Women's sports are dominating. 2 B.C. athletes want to keep it that way

With the launch or expansion of several professional women's sports leagues this year, not to mention the excitement caused by American basketball star Caitlin Clark at this year's March Madness, you might be tempted to say women's sports are having a moment.

But don't say that. At least not to Carolyn Sutherland and Rhiannon Ware.

To them, it's more than a moment.

The pair are athletes, entrepreneurs, and students in Victoria, B.C., and they joined the latest episode of the CBC podcast This is Vancouver Island.

They've been competing in and following sports their entire lives — track and soccer for Carolyn and basketball for Rhiannon — so they know that female athletes have been playing hard for a long time and will continue to do so.

"Obviously, it's so great to see the coverage that they're finally getting in the recognition," said Ware, "but it shouldn't have to be them making huge steps to be noticed."

Ware and Sutherland are studying sports management at Camosun College.

This year, they launched a program called PowHer Performance, which is all about helping girls fall in love with sport and fitness — whether they're going to become elite athletes or just stay active into adulthood.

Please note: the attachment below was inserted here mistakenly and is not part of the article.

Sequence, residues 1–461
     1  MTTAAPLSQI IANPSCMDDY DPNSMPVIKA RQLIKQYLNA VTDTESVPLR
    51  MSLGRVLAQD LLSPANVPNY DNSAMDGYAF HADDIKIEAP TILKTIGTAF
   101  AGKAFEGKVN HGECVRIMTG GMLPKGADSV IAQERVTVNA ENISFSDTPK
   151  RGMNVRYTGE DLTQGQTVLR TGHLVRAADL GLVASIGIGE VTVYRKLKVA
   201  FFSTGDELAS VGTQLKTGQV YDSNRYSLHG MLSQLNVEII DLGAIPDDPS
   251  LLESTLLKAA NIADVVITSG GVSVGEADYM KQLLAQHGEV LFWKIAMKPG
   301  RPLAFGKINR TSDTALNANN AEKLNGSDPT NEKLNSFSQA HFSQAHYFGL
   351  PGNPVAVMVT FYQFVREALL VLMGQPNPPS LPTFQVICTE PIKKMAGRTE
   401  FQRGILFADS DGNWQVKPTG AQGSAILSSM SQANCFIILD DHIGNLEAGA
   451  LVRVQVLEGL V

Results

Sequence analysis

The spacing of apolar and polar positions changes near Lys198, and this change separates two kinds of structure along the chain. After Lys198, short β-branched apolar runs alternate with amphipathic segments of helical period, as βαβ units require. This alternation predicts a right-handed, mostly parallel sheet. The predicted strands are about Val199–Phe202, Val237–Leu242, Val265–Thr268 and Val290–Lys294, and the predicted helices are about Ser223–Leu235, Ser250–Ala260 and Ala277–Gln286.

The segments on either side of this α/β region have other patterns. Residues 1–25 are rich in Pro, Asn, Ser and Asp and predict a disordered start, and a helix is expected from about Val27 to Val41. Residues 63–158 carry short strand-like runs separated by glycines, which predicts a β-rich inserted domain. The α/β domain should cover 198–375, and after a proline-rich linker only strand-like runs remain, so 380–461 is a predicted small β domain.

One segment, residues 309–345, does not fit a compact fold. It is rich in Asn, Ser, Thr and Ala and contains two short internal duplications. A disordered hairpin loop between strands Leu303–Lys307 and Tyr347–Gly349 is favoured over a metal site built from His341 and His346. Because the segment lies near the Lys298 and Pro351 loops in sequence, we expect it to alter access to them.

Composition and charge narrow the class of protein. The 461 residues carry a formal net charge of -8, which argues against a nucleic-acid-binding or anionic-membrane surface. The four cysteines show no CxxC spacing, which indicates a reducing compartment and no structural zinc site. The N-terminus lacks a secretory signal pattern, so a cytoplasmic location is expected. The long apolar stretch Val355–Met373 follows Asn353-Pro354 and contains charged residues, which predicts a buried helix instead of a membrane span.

According to research by the non-profit organization Canadian Women and Sport in 2022, half of the girls who played sports in childhood have quit by the time they reach adolescence.

They cite body image concerns, lack of confidence and skill, safety, injury, quality of sport, and discrimination as top barriers.

In their day camps, the pair teach girls the fundamentals of sport — things like jumping and throwing, which can give them confidence.

Two girls on the court at the Junior All-Native Basketball  Tournament (JANT) in Nanaimo, B.C., in 2023.
Two girls compete at the Junior All-Native Basketball Tournament (JANT) in Nanaimo, B.C., in 2023. Girls are more likely than boys to have quit sports by the time they enter adolescence. (Claire Palmer/CBC)

Sutherland said just having a female coach made a big difference in her development, and she wants to pass that on.

"Understanding that our bodies work differently, and we have different needs … and giving them the opportunity to be comfortable in what they're doing is huge," said Sutherland.

Do they hope they may also be training future stars of the WNBA, PWHL, or Northern Super League?

Ware says they've already got a few in mind.

For more, check out the latest episode of This is Vancouver Island:

Islanders, this is a podcast for you. Life on Vancouver Island isn't all sunset strolls and forest bathing — it can be frustrating, isolating and expensive. We're going to talk about the good, the bad and everything in between. Hosted by Kathryn Marlow, every Tuesday.

Tune into This is Vancouver Island every Tuesday on CBC Listen or wherever you get your podcasts.